Camp said that, while the Ryan plan has been laid down as a marker, "I'm not really interested in just laying down more markers. I'd rather have the committee working with the Senate and the president to focus on savings and reforms that can be signed into law...don't think we can afford to wait." He dodged a request for further clarification with respect to funding Medicare reform, but did answer in the affirmative when asked if there could be a new spirit of compromise at hand between the parties when it comes to entitlements and other pending issues.

That brought the discussion to the final issue on Camp's mind — the troubling issue of revamping the Medicare physician payment formula. He said it is one of his goals for the year to have a "permanent and paid-for doc fix," and he pledged that the Ways and Means Committee would address the issue.

This Just In

As we go to press, the Senate on May 25, 2011 rejected a motion to bring the House budget resolution (H. Con. Res. 34) to the chamber's floor by a vote of 40 to 57. The defeat is viewed as a rejection of the House Budget Committee chair's proposal to create a Medicare voucher program.


FROM THE STATES . . .
Florida Nurse-Led Initiatives to Improve Health Care Delivery
In Florida, two major, nurse-led initiatives aimed at improving health care delivery are under way. The first concerns the use of simulation technology to produce nurses and medical professionals who are better trained in medical procedures. Seeing the potential for such technology, to increase the capacity of nursing schools to train more students, the Florida Center for Nursing (FCN) and the Blue Cross and Blue Shield of Florida (BCBSF) Foundation launched a two-year study of the simulation resources available in the state. Preliminary results of the study were shared in January with a "think-tank" of nurse, industry, and policy leaders in Florida; a consensus of that group determined that simulation would be integrated into all health care settings and educational institutions through statewide collaboration. The BCBSF Foundation and Partners Investing in Nursing's Future, a national initiative led by the Robert Wood Johnson (RWJ) Foundation and the Northwest Health Foundation to engage philanthropists in improving health care through nursing, funded the study.

The second initiative is a call to action based on the Institute of Medicine's (IOM) recommendations in its landmark report, "The Future of Nursing: Leading Change, Advancing Health," which concluded that the United States "has the opportunity to transform its health care system, and nurses can and should play a fundamental role in this transformation." In this initiative, Florida is one of 15 states forming a regional action coalition that will bring together business executives, government officials, health industry executives, and medical professionals to transform the way Americans receive health care. Co-led by the FCN and the BCBSF Foundation, the Florida coalition was created by the RWJ and AARP Foundations, and was officially announced in February. A steering committee of a dozen Florida-based nursing organizations, health industry executives, and philanthropists is organizing the coalition to have the following goals: foster interprofessional collaboration across the health spectrum; enable all health care professionals to practice to the full extent of their education and training; strengthen nurse education and training; expand leadership ranks to ensure that nurses have a voice on management teams, in boardrooms, and during policy debates; and improve health care workforce data collection.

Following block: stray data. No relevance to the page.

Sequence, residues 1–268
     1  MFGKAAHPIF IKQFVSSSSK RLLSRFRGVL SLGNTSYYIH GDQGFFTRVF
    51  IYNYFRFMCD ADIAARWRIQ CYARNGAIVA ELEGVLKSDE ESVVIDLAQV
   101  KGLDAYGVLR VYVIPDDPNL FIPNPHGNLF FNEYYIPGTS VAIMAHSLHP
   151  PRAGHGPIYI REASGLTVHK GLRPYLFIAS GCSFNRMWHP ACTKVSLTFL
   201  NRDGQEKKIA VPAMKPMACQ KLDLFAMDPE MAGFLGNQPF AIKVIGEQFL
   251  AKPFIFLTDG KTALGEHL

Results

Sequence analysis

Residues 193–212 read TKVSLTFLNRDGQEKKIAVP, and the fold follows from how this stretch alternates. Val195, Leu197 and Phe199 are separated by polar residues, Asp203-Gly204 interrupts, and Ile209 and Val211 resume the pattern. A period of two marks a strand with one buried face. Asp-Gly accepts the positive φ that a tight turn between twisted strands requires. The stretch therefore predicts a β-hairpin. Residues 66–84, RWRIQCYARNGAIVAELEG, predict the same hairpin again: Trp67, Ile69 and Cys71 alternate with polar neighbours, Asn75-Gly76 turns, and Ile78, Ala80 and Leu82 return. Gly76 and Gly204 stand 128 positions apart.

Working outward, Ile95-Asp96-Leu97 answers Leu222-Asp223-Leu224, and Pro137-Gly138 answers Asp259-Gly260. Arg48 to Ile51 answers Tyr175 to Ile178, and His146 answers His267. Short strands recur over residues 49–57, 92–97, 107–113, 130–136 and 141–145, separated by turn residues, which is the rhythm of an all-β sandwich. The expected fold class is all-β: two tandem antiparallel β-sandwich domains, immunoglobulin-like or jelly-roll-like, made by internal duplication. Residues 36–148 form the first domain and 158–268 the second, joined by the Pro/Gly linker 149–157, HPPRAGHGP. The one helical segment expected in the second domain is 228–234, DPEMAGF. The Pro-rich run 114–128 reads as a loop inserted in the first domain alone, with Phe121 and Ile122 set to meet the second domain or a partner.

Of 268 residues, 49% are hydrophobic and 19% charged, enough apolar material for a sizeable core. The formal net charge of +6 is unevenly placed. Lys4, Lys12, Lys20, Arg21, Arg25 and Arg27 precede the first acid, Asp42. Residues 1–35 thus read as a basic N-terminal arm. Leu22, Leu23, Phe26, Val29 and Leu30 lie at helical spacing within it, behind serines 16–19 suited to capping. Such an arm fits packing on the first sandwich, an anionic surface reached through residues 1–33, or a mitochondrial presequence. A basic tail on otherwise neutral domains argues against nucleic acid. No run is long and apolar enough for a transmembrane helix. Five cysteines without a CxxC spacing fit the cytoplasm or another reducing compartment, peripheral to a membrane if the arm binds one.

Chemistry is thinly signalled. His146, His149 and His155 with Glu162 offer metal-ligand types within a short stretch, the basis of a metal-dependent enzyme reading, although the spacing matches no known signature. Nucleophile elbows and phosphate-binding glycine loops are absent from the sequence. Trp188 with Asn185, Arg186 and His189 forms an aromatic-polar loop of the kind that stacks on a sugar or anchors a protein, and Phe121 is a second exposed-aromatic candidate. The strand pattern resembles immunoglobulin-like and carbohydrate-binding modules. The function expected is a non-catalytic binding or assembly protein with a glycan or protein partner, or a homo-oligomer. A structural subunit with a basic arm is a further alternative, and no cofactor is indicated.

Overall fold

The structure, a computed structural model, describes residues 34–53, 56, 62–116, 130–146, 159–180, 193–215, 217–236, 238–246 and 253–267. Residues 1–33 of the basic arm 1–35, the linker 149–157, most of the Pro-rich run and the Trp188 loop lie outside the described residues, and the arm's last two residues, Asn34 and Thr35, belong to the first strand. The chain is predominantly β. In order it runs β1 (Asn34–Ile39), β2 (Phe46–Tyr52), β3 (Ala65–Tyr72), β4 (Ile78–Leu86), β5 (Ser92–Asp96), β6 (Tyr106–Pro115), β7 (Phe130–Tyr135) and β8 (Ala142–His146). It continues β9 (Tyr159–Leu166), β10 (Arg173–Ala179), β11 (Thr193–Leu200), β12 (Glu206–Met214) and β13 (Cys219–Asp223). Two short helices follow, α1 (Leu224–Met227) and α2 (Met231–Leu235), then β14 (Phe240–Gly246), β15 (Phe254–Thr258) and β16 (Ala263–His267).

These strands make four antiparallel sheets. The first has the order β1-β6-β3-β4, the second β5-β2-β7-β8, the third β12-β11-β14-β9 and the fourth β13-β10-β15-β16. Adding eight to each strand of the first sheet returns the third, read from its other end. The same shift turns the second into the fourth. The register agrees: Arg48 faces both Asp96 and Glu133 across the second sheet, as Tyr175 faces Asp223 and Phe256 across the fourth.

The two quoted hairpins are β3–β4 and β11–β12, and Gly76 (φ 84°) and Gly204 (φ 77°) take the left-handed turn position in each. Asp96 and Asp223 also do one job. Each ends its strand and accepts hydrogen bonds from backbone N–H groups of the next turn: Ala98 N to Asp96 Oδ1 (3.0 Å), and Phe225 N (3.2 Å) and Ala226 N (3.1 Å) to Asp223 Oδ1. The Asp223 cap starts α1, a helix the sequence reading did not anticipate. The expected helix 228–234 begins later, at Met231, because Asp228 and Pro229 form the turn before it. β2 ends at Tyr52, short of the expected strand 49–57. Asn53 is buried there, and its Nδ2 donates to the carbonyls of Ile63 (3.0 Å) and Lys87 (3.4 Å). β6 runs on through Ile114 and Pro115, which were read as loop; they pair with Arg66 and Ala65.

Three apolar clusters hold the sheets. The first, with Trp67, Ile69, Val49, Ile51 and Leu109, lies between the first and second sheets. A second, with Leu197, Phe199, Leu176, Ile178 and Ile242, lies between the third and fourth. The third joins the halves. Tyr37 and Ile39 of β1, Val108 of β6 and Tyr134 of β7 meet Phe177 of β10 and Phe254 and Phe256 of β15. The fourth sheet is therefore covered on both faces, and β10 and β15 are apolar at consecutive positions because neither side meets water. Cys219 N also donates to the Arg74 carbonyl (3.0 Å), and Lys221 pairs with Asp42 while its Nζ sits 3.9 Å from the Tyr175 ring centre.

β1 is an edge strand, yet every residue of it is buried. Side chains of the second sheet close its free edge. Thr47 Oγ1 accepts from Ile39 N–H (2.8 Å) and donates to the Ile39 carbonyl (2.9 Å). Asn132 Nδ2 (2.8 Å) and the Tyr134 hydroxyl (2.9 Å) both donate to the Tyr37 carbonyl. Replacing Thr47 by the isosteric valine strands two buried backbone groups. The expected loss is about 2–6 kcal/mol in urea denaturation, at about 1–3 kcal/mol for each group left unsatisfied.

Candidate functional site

New York RNs Mark Nurses Week Seeking Support for Nurse Education Bill
During this year's observation of Nurses Week (May 6-13), the New York State Nurses Association (NYSNA) asked the legislature to demonstrate a commitment to improving patient outcomes and quality health care delivery by supporting the Advancement of Nursing Education bill (A 1977/S 1223). The bill would require RNs to obtain their baccalaureate in nursing within 10 years of initial licensure in order to re-register to practice in the state. NYSNA believes the measure is consistent with New York's overall policy encouraging professionals to advance their education. The association also points out the measure's importance in today's health care environment where advanced education is necessary to keep pace with increasingly complex drug therapies, rapid advances in technology, and a growing population with multiple chronic conditions.
 
 
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Phone: 703-241-3947 | Email: kream@nln.org